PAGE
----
Montague (brigantine)

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Nova Scotia
OperatorProvincial Marine
Port of registryHalifax, Nova Scotia
CommissionedMay 28, 1759
In service1759-1760
Out of serviceDecember 1760
HomeportHalifax, Nova Scotia
FateSank on Canard River, Kings County, Nova Scotia, December, 1760
General characteristics
Tonnage90 tons
Sail planbrigantine
Armament10 carriage guns and 10 swivel guns

Montague was an armed brigantine of the Nova Scotia government that patrolled Nova Scotian waters during the Seven Years' War as part Nova Scotia's Provincial Marine (not to be confused with the Provincial Marine under the Royal Navy in British North America). Montague played a notable role in beginning New England Planter settlements until she was wrecked in the Canard River in Kings County, Nova Scotia in December 1760.

A former privateer brigantine, Montaque received a Letter of Marque on May 28, 1759 and was commanded by Jeremiah Rogers.[1] She was commissioned by the Governor of Nova Scotia Charles Lawrence as a patrol vessel in November 1759.[2] Montague patrolled against French privateers, moved soldiers to garrisons, attacked Acadian partisans and assisted in the final phases of the Expulsion of the Acadians. One of her final duties was to assist the landing of the New England Planters in the Minas Basin. Montague landed supplies and provided security for the settlements until early December 1760. After having landed supplies at a landing on the Habitant River, Montague was descending the river when she became stuck on a river bank in the tidal estuary of the river. When the tide went out, the brigantine fell on her side in the steep river channel and became a total loss. The crew of 20 and the pilot were uninjured.[3]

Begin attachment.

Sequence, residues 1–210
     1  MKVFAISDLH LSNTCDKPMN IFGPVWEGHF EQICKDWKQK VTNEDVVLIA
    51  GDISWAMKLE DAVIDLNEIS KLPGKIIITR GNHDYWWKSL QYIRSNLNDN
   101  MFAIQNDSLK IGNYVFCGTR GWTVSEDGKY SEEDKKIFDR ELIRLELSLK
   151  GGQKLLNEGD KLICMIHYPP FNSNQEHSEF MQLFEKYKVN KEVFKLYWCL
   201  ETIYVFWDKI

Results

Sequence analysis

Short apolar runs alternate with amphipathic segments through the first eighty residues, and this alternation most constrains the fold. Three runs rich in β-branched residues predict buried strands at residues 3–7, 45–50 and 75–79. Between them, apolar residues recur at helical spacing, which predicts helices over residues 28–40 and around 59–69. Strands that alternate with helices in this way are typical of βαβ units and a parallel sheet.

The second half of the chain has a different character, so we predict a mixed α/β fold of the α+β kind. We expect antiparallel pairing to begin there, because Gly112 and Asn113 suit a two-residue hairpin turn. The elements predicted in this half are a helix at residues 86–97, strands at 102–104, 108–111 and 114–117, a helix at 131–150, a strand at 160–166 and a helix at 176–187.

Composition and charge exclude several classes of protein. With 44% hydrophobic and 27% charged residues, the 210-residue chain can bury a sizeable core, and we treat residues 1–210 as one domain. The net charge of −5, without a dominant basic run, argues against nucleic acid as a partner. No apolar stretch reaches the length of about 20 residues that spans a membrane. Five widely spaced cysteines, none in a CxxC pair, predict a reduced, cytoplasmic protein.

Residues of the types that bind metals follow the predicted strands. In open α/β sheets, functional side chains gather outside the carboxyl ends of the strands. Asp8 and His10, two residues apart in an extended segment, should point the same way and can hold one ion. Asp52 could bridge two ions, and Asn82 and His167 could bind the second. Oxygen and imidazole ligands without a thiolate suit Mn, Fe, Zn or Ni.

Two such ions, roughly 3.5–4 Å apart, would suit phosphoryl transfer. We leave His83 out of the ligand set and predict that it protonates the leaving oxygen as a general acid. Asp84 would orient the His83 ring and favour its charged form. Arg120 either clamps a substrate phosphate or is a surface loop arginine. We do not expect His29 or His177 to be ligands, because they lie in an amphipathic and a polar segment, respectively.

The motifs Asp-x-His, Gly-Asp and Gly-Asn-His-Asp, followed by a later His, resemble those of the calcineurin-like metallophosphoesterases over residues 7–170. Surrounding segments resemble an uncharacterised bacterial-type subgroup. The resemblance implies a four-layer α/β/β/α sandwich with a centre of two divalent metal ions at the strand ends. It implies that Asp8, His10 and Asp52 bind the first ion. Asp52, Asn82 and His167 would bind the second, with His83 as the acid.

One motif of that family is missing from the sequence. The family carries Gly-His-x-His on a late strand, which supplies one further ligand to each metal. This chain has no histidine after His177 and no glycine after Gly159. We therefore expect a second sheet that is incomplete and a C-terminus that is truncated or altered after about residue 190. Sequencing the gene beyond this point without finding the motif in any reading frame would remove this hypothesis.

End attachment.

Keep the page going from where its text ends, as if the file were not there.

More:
The lower estuary of the Canard River, believed to be area where Montague was wrecked

In recent years considerable effort has been made to locate the wreck of the Montague which is thought to lie near the Wellington Dyke on the Habitant River. The heavily sedimented and low-energy wreck site along the Habitant River may have preserved and also buried the wreck. A search led by the Kings County Museum under a heritage research permit in 2013 failed to locate the wreck although it did bring to light new information about the vessel and its role in 18th Century Nova Scotia.[4]


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